“Visuals are also important. Can your blog be made into an infographic or a short video?” she asked.

St. Clair’s recommendation doubles as a learning opportunity for manufacturers, who can use the information they gather to shape future social media content.

“I am thinking polls. Show where the viewers’ interests are,” St. Clair said.

Kangos advocated manufacturers conduct audience research to ensure they’re on the appropriate channels and already understand how to reach their audience. 

“Finding your audience first is the most important thing,” Kangos stated. “Which channels are they using, and how are they using them? Polls, especially on channels like LinkedIn and Twitter, are an easy way to engage with your audience.” 

“If you’re on a social media platform that allows livestreaming, you should take advantage of that,” Koch advised.

Packer’s response highlighted the importance of the “social” aspect of social media.

“Get the conversations going. Make sure you are there to respond and make it a two-way street,” he said. “Others will join in as there is nothing better than listening in to others’ conversation, then adding your own 3 cents worth.”

To transition the conversation, host Farbo shared her top recommendations for manufacturers, which aligned with the responses from the chat participants.

  • Respond to comments, messages, and mentions
  • Initiate conversations through questions, polls, and seeking feedback
  • Q&A sessions and live chats can enhance direct interaction

Replying to host Farbo, Koch expressed her satisfaction with the recommendations.

“I like that you included responding to comments, messages, and mentions. I feel that is an often overlooked piece of the social media puzzle,” said Koch.

“Engagement with your audience is important!” host Farbo declared.

Humanizing Your Brand

The chat then delved deeper into social media engagement, discussing how manufacturers can humanize their brands to connect with their audiences on a personal level.

“Showcase employees’ hobbies and passions,” Rusine encouraged.

“I love a good ‘Meet the Team’ feature,” host Farbo said in response to Rusine. “Especially when it shows the employee outside of work!”

In the same vein, Packer recommended this: “Feature your suppliers, staff, and clients on your posts. Demonstrate why they work with the human side of the business. Personal stories are always a big hit with people especially how you started, the struggles, and the rewards. Inspiring others.”

Kangos agreed with Packer, adding, “Storytelling around your brand is so important to do. We often get this right on our websites, but are we doing that on our social channels, too.”

Also in agreement was Rusine, who advised focusing “on the ‘it’s not about you’ mantra when doing social.”

More participants expressed the importance of including employees in social media content.

“[S]howcasing employees, showing behind-the-scenes content and sharing personal stories,” St. Clair said.

“If you get your employees, especially SMEs, engaged on your channels, they can present a more realistic representation of your brand,” noted Kangos.

Sometimes it can be a challenge to get employees to participate in the creation of social media content. The Schellers offered an idea that could help them feel more at ease on camera.

“A great way to do this is to create ‘characters’ and skits around different aspects and departments of manufacturing, which humanizes the whole process,” they said. “Especially if done through videos, it can be super effective.”

To humanize their brand, host Farbo urged manufacturers to not just feature employees but also share their stories and those of product creators (e.g., engineers, designers, fabricators, etc.). Additionally, social media is an ideal channel for highlighting company culture. Beyond that, manufacturing companies should lean into “user-generated content, testimonials, and success stories to illustrate their product’s impact.”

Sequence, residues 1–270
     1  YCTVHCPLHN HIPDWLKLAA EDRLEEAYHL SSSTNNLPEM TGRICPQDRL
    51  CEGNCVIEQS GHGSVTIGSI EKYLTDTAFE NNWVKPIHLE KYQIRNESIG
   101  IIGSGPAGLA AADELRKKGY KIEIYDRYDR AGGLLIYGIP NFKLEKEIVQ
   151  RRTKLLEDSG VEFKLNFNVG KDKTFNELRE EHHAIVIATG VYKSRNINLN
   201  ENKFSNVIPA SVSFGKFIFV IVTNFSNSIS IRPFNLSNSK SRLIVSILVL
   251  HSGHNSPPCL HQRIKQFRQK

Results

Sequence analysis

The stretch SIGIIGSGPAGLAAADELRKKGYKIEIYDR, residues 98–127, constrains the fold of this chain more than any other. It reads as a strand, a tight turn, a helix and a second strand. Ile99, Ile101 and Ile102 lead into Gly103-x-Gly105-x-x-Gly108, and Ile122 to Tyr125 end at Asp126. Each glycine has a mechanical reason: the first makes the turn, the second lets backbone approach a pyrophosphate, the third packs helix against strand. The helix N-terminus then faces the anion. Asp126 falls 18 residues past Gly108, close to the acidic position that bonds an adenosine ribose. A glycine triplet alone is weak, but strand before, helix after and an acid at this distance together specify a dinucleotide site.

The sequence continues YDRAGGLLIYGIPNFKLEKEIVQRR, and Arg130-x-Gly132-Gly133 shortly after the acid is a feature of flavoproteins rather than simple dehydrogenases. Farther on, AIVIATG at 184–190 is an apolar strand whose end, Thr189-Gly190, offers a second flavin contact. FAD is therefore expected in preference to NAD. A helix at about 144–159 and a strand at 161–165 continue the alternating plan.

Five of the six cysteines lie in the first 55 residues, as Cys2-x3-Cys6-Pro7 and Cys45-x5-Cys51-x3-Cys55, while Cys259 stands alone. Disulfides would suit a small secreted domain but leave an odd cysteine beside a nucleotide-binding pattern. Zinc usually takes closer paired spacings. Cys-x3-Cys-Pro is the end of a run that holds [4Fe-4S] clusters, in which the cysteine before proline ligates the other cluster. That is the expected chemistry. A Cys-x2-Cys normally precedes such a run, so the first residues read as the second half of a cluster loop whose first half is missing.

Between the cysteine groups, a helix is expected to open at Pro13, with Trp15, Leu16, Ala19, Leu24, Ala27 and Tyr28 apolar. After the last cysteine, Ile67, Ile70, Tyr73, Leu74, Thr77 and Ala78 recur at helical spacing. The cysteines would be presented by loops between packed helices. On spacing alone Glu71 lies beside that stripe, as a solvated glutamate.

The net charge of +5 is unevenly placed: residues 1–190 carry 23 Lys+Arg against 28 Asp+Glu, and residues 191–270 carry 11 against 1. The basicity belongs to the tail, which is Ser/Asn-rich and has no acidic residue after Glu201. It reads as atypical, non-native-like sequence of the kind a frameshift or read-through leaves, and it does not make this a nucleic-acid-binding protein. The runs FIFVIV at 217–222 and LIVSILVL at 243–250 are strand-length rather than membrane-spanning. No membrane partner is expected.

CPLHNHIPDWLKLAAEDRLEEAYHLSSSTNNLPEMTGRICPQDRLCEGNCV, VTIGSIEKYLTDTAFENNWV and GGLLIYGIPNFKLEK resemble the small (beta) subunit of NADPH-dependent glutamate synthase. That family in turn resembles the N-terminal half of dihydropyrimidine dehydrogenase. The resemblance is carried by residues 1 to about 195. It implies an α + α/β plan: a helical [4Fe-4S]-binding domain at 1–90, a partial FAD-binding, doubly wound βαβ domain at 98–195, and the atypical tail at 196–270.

How to Balance Promotional Content on Social Media

It can be easy to fall into the trap of sharing self-promotional, sales-related content on social media. Participants discussed how manufacturers can showcase their products on social media without coming across as overly promotional.

“[P]ost relevant content regularly and interact with the followers to make it more personable,” counseled St. Clair.

“Interacting with your followers and other relevant accounts is a great strategy!” host Farbo concurred.

“I like panel discussions for this,” said Koch. “They allow you to showcase your overall expertise and build your K-L-T [Know-Like-Trust] Factor without being overtly sales-y or product-focused.”

Austin highlighted the importance of educating your audience.

“Offering educational advice or explanations is very helpful!” she emphasized. “It’s OK to promo (sic) your business but intertwine it in a mutually beneficial manner. Don’t make it all about you! Help others whenever you can. Share other’s materials too if you can.”

The Schellers enthusiastically agreed with Austin, stating: “Yes! Sharing other people’s material is a great way to set yourself up as a helpful voice, not just a self-promoter.”

To drive home Austin’s point, host Farbo replied, “It is absolutely all about your audience and the more you position your social channels that way the better!”

Hearkening back to the discussion about the importance of video at the start of the chat, Packer explained how the medium could be used to effectively showcase products in a non-promotional way.   

“Video case studies. Interview everyone in the process from the client to the person who did the work to the CEO of the client company on why they were with you. A short 5 minutes can be used time and again,” he said.

Regardless of content type, Rusine shared a helpful reminder to keep manufacturers on track when creating and sharing content on social media.

“When posting [a] blog, think of what your customer will get out of it. When posting [a] product feature, what’s in it for them? When posting a video, what’s in it for them? When posting an image, what’s in it for them? When posting everything, what’s in it for them?” she advised.

Like Rusine, Amy Anderson said content should focus on serving the needs of your audience.